• Photo Credit: Twitter

Benjamin P. Hardy is living the life. He still contends with deadlines and sick kids and freezing cold days. He’s not my hero or anything… BUT as a complete stranger, he encourages me not to give up, and to take this day as the precious gift it is and not treat it like it’s small.

Reactive, distracted, addicted…doesn’t win today. Hope the same for you!

5 Friday Faves – Assassin’s Creed on Guitar, Carey Nieuwhof on Leadership Development, Snow Days, Internet Discoveries, and the Cost of Security

Snow day!!! On a Friday. Do I need to say more?

Hope you are well, warm, and safe.

Here are my Friday faves from this week.

1) Assassin’s Creed on GuitarGuitarist Nathan Mills has just posted his arrangement of the main theme from Assassin’s Creed IV.

If you’re like me, you might not know what that even means – Assassin’s Creed. It’s a popular videogame set in the Caribbean during the 18th century. Lots of swashbuckling, sword-wielding pirates, I suppose. The best part of this game for me (since I never played)? This guy playing this arrangement on this guitar:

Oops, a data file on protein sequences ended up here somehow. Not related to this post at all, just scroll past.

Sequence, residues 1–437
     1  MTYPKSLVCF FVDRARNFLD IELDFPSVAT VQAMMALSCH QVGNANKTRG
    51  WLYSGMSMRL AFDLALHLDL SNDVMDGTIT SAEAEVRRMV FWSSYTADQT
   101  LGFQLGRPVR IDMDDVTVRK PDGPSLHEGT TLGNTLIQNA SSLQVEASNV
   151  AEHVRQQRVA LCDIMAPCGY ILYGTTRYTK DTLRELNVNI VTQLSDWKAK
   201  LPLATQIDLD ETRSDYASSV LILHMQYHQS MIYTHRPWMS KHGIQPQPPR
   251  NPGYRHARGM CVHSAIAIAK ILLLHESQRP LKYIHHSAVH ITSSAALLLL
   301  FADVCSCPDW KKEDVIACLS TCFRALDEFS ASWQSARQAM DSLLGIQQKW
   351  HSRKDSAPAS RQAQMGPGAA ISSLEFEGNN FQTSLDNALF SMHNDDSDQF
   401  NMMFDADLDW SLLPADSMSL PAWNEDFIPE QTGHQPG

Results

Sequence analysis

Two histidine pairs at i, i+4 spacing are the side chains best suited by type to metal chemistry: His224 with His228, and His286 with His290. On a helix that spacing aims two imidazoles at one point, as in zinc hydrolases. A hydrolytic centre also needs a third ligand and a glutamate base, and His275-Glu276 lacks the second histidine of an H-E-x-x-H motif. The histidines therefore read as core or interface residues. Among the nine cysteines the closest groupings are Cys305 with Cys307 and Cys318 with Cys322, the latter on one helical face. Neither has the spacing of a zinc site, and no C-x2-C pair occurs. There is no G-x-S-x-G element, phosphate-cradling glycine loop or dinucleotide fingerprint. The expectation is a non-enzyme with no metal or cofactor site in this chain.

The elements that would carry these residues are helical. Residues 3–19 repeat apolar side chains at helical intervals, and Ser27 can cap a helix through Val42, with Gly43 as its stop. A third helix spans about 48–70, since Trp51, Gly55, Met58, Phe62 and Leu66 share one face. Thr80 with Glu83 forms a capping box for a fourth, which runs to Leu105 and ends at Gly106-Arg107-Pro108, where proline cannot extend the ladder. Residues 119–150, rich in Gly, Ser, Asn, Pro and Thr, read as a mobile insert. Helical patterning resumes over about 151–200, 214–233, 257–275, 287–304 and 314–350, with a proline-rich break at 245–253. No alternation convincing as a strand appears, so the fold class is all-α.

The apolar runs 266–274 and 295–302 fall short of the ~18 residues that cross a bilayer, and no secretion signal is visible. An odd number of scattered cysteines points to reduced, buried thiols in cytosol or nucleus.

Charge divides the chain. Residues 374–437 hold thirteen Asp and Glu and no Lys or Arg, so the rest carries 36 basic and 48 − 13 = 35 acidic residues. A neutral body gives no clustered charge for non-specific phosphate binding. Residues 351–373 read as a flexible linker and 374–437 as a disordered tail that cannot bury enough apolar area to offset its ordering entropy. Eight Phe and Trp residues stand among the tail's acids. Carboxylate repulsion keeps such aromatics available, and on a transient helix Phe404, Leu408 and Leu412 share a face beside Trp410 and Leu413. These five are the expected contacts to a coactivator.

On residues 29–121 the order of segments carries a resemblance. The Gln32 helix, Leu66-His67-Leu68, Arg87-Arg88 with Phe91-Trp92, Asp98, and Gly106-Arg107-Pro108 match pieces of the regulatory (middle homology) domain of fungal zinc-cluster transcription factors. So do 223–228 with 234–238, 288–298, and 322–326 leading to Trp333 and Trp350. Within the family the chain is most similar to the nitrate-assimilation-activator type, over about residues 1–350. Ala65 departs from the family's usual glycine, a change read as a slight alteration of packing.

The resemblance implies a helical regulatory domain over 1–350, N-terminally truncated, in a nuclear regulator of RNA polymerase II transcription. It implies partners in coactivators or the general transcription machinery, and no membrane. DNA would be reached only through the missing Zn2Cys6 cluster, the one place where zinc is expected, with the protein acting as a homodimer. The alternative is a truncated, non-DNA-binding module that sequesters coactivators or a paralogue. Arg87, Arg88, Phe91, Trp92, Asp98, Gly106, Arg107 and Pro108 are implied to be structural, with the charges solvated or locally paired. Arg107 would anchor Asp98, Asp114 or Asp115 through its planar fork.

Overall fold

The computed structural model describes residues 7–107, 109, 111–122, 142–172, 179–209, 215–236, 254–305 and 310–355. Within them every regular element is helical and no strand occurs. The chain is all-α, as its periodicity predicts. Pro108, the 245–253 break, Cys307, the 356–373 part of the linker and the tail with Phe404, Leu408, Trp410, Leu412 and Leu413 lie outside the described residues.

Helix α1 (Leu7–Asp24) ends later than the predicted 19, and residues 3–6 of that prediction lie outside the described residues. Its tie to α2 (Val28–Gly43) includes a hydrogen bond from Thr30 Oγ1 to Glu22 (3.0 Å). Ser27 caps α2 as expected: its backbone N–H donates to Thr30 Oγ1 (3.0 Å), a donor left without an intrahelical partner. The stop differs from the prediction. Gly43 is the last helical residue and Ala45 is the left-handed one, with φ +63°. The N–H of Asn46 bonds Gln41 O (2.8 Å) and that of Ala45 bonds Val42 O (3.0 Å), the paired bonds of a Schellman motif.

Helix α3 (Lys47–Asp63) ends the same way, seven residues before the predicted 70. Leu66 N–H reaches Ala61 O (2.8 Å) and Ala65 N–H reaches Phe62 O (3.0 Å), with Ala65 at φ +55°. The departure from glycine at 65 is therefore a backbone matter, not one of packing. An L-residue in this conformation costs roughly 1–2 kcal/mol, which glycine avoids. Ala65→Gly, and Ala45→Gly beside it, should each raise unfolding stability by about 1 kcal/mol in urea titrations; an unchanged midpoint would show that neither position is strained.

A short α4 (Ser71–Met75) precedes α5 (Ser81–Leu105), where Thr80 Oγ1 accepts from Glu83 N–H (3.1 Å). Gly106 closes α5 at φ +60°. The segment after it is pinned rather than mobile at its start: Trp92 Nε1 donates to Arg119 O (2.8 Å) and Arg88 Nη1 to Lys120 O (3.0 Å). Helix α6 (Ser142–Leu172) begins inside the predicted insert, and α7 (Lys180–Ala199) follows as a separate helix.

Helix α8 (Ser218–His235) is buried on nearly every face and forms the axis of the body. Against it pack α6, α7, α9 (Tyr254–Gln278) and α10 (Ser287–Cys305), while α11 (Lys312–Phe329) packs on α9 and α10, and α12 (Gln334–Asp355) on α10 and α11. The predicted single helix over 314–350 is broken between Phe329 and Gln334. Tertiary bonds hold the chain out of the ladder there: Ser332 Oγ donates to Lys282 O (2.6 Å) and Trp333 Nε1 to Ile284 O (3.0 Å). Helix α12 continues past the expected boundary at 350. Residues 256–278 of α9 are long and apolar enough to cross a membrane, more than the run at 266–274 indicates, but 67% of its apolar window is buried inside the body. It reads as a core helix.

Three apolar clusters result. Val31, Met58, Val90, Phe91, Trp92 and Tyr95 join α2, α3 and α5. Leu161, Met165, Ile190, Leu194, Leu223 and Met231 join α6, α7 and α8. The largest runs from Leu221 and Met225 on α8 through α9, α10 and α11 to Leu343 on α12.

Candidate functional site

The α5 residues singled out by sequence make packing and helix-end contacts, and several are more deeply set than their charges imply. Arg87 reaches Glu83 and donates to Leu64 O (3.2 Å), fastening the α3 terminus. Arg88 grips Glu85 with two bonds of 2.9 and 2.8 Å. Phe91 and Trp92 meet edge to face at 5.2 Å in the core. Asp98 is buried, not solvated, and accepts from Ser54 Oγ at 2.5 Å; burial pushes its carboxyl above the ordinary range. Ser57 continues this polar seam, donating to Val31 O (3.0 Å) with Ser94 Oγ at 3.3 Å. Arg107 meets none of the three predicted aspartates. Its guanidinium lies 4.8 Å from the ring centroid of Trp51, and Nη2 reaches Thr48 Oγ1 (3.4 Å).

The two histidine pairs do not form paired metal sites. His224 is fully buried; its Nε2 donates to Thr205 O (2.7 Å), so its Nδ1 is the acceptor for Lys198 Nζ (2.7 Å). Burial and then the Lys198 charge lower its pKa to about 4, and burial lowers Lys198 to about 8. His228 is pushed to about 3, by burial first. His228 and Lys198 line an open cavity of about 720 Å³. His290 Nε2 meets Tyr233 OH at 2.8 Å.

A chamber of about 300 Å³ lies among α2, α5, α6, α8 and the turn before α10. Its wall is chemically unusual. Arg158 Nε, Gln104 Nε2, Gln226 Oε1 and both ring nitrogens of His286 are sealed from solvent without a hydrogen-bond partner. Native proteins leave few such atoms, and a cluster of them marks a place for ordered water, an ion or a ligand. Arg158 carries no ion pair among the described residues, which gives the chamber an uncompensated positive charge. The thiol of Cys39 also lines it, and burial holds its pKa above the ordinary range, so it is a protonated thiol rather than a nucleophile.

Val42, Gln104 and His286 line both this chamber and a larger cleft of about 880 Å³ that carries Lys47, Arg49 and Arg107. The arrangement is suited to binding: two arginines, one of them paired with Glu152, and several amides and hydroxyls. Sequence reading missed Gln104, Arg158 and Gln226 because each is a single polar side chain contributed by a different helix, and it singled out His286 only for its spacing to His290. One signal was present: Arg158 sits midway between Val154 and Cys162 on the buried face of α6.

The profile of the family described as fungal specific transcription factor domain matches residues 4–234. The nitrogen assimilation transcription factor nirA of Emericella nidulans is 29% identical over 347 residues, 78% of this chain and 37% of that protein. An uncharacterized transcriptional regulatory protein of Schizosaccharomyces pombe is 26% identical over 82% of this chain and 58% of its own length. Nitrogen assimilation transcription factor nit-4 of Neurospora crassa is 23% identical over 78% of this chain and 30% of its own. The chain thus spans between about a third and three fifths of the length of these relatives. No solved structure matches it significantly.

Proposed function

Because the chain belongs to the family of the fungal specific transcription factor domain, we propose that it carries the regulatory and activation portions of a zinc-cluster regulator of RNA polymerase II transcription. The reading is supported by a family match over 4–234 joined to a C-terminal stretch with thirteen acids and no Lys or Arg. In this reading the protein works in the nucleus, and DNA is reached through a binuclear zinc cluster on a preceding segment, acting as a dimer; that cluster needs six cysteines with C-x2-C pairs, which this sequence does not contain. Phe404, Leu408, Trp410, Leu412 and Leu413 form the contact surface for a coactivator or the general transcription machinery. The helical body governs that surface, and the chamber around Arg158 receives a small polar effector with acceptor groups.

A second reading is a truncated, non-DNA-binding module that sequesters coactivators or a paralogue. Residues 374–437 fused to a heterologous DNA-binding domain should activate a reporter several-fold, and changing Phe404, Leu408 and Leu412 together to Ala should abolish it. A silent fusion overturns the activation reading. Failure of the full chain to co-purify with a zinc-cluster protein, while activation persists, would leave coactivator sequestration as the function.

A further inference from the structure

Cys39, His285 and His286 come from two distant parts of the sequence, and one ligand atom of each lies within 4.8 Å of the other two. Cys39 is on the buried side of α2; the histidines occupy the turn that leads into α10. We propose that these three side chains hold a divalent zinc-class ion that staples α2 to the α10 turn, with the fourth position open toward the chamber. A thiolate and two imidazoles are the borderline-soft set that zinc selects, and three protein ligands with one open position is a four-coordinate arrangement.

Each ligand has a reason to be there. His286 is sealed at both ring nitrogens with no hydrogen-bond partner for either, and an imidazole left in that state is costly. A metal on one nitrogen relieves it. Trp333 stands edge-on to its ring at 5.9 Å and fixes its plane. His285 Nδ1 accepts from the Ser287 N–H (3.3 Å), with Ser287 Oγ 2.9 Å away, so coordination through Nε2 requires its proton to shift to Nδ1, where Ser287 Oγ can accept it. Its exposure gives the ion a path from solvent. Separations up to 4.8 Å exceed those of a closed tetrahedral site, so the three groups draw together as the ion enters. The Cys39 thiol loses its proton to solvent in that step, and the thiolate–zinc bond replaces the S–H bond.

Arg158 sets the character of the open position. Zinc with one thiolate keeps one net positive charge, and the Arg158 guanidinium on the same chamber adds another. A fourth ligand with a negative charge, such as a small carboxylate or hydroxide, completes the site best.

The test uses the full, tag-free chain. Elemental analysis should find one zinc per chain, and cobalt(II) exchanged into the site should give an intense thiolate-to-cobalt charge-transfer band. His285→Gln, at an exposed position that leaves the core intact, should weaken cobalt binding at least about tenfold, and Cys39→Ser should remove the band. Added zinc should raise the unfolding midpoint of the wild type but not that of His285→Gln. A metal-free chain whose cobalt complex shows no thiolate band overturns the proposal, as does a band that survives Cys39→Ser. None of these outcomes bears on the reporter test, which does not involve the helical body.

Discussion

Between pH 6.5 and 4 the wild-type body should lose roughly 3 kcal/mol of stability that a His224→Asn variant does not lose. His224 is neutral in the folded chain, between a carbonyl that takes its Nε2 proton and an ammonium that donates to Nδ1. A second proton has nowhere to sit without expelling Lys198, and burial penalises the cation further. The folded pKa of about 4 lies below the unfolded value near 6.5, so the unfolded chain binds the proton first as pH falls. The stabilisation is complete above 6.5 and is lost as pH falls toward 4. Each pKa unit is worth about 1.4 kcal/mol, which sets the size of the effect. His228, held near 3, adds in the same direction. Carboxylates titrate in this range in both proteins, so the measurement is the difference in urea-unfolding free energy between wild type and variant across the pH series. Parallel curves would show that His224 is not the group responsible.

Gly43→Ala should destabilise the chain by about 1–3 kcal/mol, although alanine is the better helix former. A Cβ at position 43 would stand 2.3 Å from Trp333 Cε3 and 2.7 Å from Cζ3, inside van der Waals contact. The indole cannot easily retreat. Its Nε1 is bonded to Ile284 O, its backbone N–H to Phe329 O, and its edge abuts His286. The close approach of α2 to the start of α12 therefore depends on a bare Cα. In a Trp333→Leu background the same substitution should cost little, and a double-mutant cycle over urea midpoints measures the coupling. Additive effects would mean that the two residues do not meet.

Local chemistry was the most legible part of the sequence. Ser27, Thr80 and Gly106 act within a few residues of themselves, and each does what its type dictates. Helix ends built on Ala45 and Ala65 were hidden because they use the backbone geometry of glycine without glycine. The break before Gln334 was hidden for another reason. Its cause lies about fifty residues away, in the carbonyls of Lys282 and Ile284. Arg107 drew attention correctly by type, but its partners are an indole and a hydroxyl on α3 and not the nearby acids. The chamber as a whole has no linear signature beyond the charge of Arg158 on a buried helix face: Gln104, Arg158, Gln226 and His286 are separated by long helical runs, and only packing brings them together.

Follow Beyond the Guitar here. Every week, more music, just for us.

2) Carey Nieuwhof on Leadership DevelopmentCarey Nieuwhof is a pastor, writer, podcaster, and leadership coach. His thinking on  leadership development goes beyond the church straight into the secular workplace. He has much to offer to anyone wanting to raise up qualified leaders. His own wisdom and experience as a leader and student of leadership make him a worthy mentor. Then there are also his choices of leader interviews for his podcast. I’d like to point you to two he interviewed and then posted among his Top 10 Podcasts of 2017.

They are Todd Adkins and Craig Groeschel.

Adkins on intentionality: Leadership development requires intentionality. If you think that leadership development is going to naturally happen over time, you’re wrong. Usually leaders are also ambitious doers, and striking a healthy balance between doing and developing is only something that happens with intentionality.

Adkins on building leaders from within the organization: Are you building people or buying them? If you look at your staff and realize that you bought most or all of them, then it’s time to reevaluate your leadership development culture. There is a time or a place to buy staff, but a healthy leadership culture also produces leaders from within.